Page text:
There continues to be a need for a low cost, high performance, optical engine for use in rear projection displays having improved performance and lower cost than those of the prior art.
A new type of projection engine architecture for use in projection displays is disclosed. In one embodiment, an optical engine is disclosed having a first PBS cube having a first beamsplitting hypotenuse that reflects first polarization state light beams and transmits second polarization state light beams. This first PBS cube has a first face that receives first polarization state, first color spectrum light beams transmitted along a first optical axis. A first imaging device is placed at a second face of the first PBS cube, which receives first color spectrum, first polarization state light beams reflected by the first beamsplitting hypotenuse. This first imaging device reflects first color spectrum, second polarization state light beams having pixel information along a second optical axis. The first optical axis and the second optical axis are perpendicular to each other. A first quarter-wave plate resides in a plane perpendicular to the second optical axis. The first quarter-wave plate provides half of the phase retardance required for a complete switch of polarization state for polarized light beams passing therethrough along the second optical axis. The first quarter wave plate also provides another half phase retardance resulting in a complete switch of polarization state for polarized beams returning therethrough upon reflection from a dichroic mirror. The dichroic mirror resides in a plane perpendicular to the second optical axis and has a first face and a second face. The first face of the dichroic mirror faces the first quarter-wave plate. The dichroic mirror reflects light having the first color spectrum and transmits light having a second color spectrum. A second quarter-wave plate resides in a plane perpendicular to the second optical axis and removes half the phase retardance required for a complete switch of polarization state for polarized light beams passing therethrough along the second optical axis. The dichroic mirror resides in between the second quarter-wave plate and the first quarter-wave plate. A film polarizer is disposed at a third face of the first PBS cube and perpendicular to the first optical axis. The film polarizer transmits light beams having the first polarization state and absorbing light beams having the second polarization state.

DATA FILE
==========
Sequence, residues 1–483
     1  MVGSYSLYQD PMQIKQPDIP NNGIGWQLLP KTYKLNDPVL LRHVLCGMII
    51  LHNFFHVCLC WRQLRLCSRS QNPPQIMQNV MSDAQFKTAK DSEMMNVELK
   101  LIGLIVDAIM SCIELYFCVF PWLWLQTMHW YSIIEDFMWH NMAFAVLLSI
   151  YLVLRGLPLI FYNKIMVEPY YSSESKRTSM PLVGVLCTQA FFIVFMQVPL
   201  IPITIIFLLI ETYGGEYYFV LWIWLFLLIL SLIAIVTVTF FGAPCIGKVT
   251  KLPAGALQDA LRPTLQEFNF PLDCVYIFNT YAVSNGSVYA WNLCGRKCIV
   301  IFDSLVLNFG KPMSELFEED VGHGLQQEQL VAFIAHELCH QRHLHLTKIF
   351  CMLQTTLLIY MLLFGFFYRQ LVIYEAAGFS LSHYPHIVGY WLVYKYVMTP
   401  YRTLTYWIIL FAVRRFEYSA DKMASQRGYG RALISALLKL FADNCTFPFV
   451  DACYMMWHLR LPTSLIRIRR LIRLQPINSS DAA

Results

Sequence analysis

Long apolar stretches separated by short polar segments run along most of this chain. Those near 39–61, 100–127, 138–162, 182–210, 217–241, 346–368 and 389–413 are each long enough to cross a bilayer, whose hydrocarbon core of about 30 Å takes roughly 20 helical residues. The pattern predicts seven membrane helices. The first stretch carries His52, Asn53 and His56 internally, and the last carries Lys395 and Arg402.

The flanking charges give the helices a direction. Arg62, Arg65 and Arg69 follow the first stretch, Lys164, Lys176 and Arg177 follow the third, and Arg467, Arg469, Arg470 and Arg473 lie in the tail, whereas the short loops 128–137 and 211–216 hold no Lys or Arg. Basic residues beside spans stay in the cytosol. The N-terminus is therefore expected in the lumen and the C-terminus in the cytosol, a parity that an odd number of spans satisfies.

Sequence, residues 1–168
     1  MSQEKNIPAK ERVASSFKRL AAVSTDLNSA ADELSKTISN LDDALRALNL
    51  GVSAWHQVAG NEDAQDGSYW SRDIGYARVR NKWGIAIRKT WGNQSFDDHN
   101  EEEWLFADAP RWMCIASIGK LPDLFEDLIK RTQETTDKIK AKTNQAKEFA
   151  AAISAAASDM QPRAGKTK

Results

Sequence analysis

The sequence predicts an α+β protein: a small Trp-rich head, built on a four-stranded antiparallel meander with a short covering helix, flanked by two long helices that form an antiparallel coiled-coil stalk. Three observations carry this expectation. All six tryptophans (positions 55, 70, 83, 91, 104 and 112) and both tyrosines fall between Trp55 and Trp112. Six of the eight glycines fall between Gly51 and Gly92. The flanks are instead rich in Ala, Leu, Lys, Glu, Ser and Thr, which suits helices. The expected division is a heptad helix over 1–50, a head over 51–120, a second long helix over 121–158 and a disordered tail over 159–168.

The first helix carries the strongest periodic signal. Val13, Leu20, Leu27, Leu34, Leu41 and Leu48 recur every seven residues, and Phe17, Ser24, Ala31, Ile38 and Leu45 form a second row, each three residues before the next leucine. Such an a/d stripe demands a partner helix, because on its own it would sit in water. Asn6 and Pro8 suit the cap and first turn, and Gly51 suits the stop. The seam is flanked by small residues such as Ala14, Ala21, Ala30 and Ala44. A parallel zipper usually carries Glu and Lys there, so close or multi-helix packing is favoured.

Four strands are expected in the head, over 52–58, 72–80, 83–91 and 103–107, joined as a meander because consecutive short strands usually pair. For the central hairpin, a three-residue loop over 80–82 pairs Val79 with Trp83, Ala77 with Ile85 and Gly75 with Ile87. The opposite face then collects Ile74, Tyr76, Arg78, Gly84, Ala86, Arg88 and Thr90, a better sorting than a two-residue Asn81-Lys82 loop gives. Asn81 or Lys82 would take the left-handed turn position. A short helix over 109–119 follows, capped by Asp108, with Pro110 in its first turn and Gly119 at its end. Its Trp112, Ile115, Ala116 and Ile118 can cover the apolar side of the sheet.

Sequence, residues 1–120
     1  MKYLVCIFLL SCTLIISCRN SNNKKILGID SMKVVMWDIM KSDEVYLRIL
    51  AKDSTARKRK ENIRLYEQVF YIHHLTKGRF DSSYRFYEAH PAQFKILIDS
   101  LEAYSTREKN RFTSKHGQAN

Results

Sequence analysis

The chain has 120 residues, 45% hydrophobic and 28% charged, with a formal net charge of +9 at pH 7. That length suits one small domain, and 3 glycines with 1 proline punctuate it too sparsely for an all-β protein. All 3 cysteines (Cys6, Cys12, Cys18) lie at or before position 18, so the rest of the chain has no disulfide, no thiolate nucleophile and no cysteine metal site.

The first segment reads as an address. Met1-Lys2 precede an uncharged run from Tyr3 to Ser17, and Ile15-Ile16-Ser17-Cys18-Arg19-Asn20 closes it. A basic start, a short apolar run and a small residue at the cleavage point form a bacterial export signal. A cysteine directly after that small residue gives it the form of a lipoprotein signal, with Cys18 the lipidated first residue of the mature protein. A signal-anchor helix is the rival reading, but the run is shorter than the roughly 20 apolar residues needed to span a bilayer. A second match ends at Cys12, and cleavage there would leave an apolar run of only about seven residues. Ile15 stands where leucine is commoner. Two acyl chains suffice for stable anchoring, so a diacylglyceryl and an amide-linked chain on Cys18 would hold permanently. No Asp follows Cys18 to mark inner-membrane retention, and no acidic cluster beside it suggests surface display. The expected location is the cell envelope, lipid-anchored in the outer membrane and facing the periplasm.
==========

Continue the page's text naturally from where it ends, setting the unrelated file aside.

In another embodiment, the optical engine has a projection lens that receives the output of the film polarizer.
In preferred embodiments, a first light beam reflected by the first imaging device, passing through the first beamsplitting hypotenuse, transmitted through the first quarter-wave plate in a first direction along the second optical axis, reflected back towards the first quarter-wave plate by the dichroic mirror in a second direction along the second optical axis, transmitted back through the first quarter-wave plate, transmitted back into the first PBS cube, reflected by the first beamsplitting hypotenuse towards the third face of the first PBS cube, and transmitted through the film polarizer to the projection lens has a first path length.